Exchange Traded Funds (ETFs) Explained

Exchange Traded Funds (ETFs) Explained

March 13, 2017 | Print View

Investors are familiar with the traditional stock and bond and alternative asset classes, typically choosing to buy individual securities. But what are exchange traded funds, and how do they provide exposure to these three asset classes? Why are they growing quickly, and how should they be utilized?

Exchange traded funds are low cost, pooled investment vehicles to enable diversified investment in a variety of stocks or bonds or alternatives. Most ETFs simply track an index, i.e., the S&P 500, the Barclays Aggregate bond index, the NASDAQ 100, gold, etc. to enable asset allocation among the major asset classes. ETFs are highly liquid; each can be bought and sold throughout a regular trading day.

From the original ETF created in the early 1990’s, there are now over 2,000 ETFs with combined assets of $2.8 trillion.* In fact, the dollars invested in ETFs has doubled over the last four years** and U.S. based ETF assets have grown by 30 percent while mutual funds grew just 3.5 percent in the last year.***

Why were ETFs created, and why are investors choosing to utilize them so widely? It was primarily growing dissatisfaction with high fees in the traditional mutual fund market that has driven more investors, individual and professional alike, to consider adding ETFs to their portfolios. Unlike mutual funds, ETFs have no upfront load charges, and their annual fees tend to be lower than many mutual funds.

In terms of new money added, the following chart indicates how ETF fund flows were invested during 2016:


Source: Investment Company Institute

ETFs can be used not only to replicate an index, but can also be used in actively managing portfolios depending on the investor’s preference for a particular slice of the market at any point in time.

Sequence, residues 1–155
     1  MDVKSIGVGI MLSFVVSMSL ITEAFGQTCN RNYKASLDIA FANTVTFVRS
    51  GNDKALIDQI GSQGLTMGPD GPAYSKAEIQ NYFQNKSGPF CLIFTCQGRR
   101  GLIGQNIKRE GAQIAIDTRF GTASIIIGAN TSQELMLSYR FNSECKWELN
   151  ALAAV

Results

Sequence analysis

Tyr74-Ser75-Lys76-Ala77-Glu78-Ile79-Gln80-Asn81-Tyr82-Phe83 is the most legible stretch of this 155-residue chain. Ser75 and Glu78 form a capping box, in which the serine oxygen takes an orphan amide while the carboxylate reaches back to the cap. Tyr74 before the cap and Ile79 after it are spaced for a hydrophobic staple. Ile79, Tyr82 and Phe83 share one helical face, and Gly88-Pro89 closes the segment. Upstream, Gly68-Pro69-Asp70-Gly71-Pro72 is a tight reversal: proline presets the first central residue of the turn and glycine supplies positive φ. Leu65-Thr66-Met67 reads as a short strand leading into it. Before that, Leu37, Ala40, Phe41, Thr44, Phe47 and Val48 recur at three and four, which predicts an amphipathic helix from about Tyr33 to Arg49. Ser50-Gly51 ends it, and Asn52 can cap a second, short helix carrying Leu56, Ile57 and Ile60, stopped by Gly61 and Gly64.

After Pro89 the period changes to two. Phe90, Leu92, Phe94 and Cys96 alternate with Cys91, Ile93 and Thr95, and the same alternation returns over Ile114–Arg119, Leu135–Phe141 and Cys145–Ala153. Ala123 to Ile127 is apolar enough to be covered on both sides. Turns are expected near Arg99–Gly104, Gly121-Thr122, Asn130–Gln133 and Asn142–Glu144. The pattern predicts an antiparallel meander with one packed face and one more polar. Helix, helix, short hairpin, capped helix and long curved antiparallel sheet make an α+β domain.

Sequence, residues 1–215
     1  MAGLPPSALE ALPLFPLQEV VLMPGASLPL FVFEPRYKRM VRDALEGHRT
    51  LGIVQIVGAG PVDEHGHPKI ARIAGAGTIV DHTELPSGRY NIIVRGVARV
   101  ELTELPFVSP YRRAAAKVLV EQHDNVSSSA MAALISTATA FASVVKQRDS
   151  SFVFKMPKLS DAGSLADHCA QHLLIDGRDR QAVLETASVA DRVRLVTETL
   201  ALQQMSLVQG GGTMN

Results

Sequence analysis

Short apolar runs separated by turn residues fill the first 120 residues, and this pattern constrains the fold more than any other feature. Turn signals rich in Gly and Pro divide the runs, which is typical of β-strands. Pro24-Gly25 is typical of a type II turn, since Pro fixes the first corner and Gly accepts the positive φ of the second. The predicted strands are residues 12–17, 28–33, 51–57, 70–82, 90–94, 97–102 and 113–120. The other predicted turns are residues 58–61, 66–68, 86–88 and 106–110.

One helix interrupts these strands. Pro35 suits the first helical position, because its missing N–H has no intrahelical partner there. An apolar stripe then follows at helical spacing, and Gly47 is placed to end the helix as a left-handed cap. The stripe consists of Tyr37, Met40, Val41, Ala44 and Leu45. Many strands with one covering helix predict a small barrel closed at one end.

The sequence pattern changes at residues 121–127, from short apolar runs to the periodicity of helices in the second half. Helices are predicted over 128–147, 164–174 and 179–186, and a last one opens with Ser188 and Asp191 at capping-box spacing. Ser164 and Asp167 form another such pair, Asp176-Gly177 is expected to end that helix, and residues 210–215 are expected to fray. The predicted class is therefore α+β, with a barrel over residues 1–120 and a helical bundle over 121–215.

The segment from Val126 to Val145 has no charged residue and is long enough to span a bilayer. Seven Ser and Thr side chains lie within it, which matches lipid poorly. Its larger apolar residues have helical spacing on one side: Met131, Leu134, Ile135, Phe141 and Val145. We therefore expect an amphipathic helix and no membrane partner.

Investors can choose a stock sector fund, i.e., materials, which will go out and purchase a pool of stocks in the materials sectors. The diversification allows for materials sector-type returns without single security volatility and risk. There’s an ETF for the stock markets of most countries around the world, and there are those which represent a region, i.e., Latin America.

Within fixed income, investors could choose Treasury inflation-protected bonds, emerging market bonds or a slice of less-than-investment-grade U.S. bonds via an ETF which could reduce risk within an otherwise volatile sector of the bond market (again without incurring single security risk).

The essential thing to remember about trading in ETFs is that it is imperative to understand what positions are held in each ETF in order to meet investing goals. While most ETFs incorporate over a dozen holdings, some include nearly 1,000. An ETF could contain a single security which accounts for a very significant portion. Some are routinely rebalanced to match a formula, i.e. the lowest volatility stocks in the S&P over the last 12 months, so reviewing those holdings from time to time is important.

With the proliferation of ETFs, there are more selections available for use within portfolios. At Gradient Investments, we believe ETFs offer an opportunity to cost effectively manage investments to meet our clients’ needs for protection of principal, income or growth across our Laddered Income, Absolute Yield, Endowment Series, Precious Metals and other strategies on an active basis.

Please contact your advisor or Gradient Investments to discuss how exchange traded funds may be applicable to your long term financial goals and objectives.

Sources: * XTF Research
** Barron’s 3/11/17
*** Investment Company Institute 2/27/17

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